For example, the National Institutes of Health established the Community-Based Participatory Research (CBPR) program to support “collaborative interventions that involve scientific researchers and community members,” according to the program description. These approaches facilitate better outcomes for both medical research and patients and support overall community health. Strong arguments have been made to expand CBPR approaches across the healthcare field, including psychology research. Beyond medicine, the National Oceanographic and Atmospheric Administration (NOAA) has funded dozens of community-centered approaches to addressing environmental resilience. Through NOAA’s Environmental Literacy Program grants, the federal government has funded citizen science, youth education and leadership, community dialogues, and more in order to support education and engagement efforts that are grounded in science and advance community priorities.
New investments will build on programs like these and many others that have developed new tools, authorities, and programs that allow federal programs to gather input on science and technology from the public, collaborate with communities to advance shared goals, and source solutions to science and technology problems from a wider range of innovators. Bringing these existing tools and authorities together with new approaches in a national strategy will promote more efficient investment of resources—and ultimately provide more effective outcomes for researchers and communities.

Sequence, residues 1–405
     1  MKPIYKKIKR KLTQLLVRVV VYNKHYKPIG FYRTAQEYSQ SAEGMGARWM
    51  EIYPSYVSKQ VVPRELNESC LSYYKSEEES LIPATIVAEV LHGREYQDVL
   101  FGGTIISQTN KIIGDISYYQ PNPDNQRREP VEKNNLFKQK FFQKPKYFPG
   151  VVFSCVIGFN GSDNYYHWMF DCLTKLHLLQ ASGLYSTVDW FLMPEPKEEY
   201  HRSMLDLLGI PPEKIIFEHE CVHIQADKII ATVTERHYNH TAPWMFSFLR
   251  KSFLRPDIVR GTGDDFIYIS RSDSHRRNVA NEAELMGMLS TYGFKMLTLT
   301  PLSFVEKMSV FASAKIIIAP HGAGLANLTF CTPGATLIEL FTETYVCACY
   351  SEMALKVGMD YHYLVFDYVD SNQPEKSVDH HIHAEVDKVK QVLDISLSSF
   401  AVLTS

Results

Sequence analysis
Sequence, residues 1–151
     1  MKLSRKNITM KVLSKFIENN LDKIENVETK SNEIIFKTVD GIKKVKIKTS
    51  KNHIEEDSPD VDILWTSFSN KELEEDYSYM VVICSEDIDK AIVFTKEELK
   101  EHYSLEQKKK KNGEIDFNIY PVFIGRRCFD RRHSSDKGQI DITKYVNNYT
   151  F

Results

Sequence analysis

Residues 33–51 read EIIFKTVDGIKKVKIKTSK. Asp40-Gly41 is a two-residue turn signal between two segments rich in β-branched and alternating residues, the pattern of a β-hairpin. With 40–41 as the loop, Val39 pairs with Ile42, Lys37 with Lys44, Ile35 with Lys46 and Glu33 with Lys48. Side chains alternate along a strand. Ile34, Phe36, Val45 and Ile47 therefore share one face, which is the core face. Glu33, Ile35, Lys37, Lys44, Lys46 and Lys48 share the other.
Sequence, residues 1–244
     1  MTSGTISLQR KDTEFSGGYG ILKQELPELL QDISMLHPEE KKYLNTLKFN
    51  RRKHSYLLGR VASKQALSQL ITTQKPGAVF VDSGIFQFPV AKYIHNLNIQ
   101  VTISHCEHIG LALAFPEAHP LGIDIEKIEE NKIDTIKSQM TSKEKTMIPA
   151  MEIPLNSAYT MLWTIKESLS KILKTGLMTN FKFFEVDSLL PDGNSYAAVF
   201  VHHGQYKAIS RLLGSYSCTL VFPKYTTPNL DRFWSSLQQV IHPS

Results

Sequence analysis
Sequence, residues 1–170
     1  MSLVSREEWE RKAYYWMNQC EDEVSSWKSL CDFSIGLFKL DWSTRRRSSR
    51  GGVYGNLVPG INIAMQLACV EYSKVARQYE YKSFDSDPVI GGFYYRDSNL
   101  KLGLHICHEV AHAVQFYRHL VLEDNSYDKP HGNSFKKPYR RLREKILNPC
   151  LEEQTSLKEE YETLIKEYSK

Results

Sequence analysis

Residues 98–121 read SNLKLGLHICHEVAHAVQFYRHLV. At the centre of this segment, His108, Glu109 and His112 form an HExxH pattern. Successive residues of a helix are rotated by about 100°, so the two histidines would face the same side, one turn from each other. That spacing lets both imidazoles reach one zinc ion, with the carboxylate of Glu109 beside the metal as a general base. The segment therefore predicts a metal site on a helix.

Scaling federal investment in public engagement could follow the example of, and build on, the work done in the last 20 years to increase investment in and capacity for open innovation approaches. While some open innovation approaches, such as weather forecasting, have been around for more than 100 years, in the early 2000s, agencies began increasing their use of these approaches, specifically incentive prizes and innovation challenges, to solve difficult technological and scientific problems. The first systematic analyses of the use of these mechanisms were undertaken by private foundations and research firms, as well as independent government agencies, in an effort to characterize the work underway and the opportunities to scale. Starting in 2012, the White House Office of Science and Technology Policy began issuing an annual report to Congress on federal use of prize authorities in order to track both the financial investment and the growing capacity for engaging in these efforts.
Currently, there is no equivalent reporting on how much money the federal government invests in public engagement with science or a broad understanding of the capabilities agencies draw on to engage the public. Therefore, a national strategy must start with understanding the current baseline in order to identify specific needs and opportunities for increasing this investment over time.